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48. Memorandum of Conversation0


  • U.S. Strategy in the 16th General Assembly


  • The President
  • Ambassador Adlai E. Stevenson
  • Arthur Schlesinger, Jr., Special Assistant to the President
  • Harlan Cleveland, Assistant Secretary of State

[Here follows discussion of a possible Presidential speech to the General Assembly and other issues before the United Nations.

Chinese Representation 1

Ascertain by intensive consultations (in New York and through diplomatic channels at government level around the world) what proposition can command a majority vote in the General Assembly.

Action: IO

Including an explicit arrangement with the French Africans as to their affirmative action of ChiRep if we are able to get Mauritania’s membership application past the Soviet veto in the Security Council.

Action: USUN

Proposition to be floated will include two elements for a start:

the procedural proposition that ejecting the Chinese Nationalists or seating the ChiComs requires a two-thirds General Assembly vote as an “important” matter. (Watch out for pitfall of two-third requirement for acceptance of GRC credentials.)2
the procedural step of establishing a committee of the Assembly to study Chinese representation in the context of proposals for enlarging [Page 113]the Councils. (Composition of such a committee would, of course, be highly important, and should reflect the relative strength in the General Assembly of the Peking recognizers (33) and the Taipei recognizers (49).)

Ambassador Stevenson gave his opinion that these propositions would not be sufficient, and that something like the successor state idea should also be in the picture.

The President said he realized the committee or any other means of postponement might only lead in time—next year, perhaps—to a Two-China proposal or even to ChiCom admission in some form. But he wanted to avoid taking any major step along this road this year. He also was determined that the United States was not to be defeated on this issue in the United Nations. Based on discussions with Chen Cheng this past week, the President fears that Chiang Kai-shek may be in what Mr. Schlesinger called a “gotterdammerung” mood, ready to pull the house down on himself—and on us in the process. Nevertheless, we had to keep on trying to persuade him that in the interest of protecting his UN seat (a national interest of the U.S. as well as of the GRC) some tactical adjustments would be required as we went along. One notable adjustment is the non-use of the GRC veto on the admission of Outer Mongolia.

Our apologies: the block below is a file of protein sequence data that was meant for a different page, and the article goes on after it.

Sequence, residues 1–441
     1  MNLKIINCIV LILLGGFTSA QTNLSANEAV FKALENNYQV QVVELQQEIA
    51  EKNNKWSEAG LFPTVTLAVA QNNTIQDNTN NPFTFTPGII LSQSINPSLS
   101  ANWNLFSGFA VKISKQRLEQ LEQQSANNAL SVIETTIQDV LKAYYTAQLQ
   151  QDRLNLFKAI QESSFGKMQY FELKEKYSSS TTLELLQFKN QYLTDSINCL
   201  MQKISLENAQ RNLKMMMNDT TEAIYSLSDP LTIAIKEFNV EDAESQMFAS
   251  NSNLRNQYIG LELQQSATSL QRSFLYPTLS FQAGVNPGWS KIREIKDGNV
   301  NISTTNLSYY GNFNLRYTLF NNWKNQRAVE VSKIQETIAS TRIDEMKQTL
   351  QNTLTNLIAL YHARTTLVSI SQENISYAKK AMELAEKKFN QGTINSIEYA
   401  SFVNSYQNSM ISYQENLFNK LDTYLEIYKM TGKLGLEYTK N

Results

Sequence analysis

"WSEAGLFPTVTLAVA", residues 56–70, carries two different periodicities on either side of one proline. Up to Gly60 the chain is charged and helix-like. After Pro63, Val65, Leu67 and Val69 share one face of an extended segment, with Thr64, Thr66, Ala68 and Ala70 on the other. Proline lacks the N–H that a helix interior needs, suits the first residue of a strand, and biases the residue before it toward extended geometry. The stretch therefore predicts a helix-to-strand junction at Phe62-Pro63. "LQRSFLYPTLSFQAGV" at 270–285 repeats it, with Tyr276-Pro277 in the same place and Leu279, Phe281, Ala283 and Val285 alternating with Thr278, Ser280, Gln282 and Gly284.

The President wants to send a letter to Chiang this next week on this matter. Chiang’s friends in this country, notably Roy Howard and Henry Luce, should also be enlisted in this effort of persuasion.

Action: FE

[Here follows discussion of unrelated issues.]

Membership. While no decision was recommended at this stage on just how to vote when the Mongolia-Mauritania issue comes up in the Security Council, the President did not exclude the option of voting for the Mongolia application if we could be assured that as a consequence the French Africans would stand with us on Chinese representation.

[Here follows discussion of unrelated issues.]

Tibet. Ambassador Stevenson expressed the opinion that the legal grounds for objection to China’s action in taking over the administration of Tibet were relatively weak.

[Here follows discussion of unrelated issues.]

  1. Source: Kennedy Library, Papers of Arthur Schlesinger, Jr., Box WH 22, Subject File, U.N. Speeches, 8/3/61-8/11/61. Confidential. Drafted by Cleveland. The memorandum states that it records two discussions, one in the middle of the day and one late in the afternoon. For Schlesinger’s account of the conversation, see A Thousand Days, pp. 479-481.
  2. An August 31 memorandum from Cleveland to Rusk reports that at the August 5 meeting with Stevenson, Schlesinger, and himself, the President had requested them to “ascertain by intensive consultations what proposition could command a majority vote in the General Assembly that would keep the Chinese Communists out of the United Nations and the Republic of China in.” (Department of State, Central Files, 303/8-3161)
  3. In an August 7 telephone conversation, Ball asked Stevenson about the Hyannis Port meetings. Stevenson said that the President was “flexible on the China thing” and that both he and the President felt an investigating committee had more promise than “’important question’ gambit which could be turned against us on credentials.” (Kennedy Library, Papers of George Ball, China (Taiwan))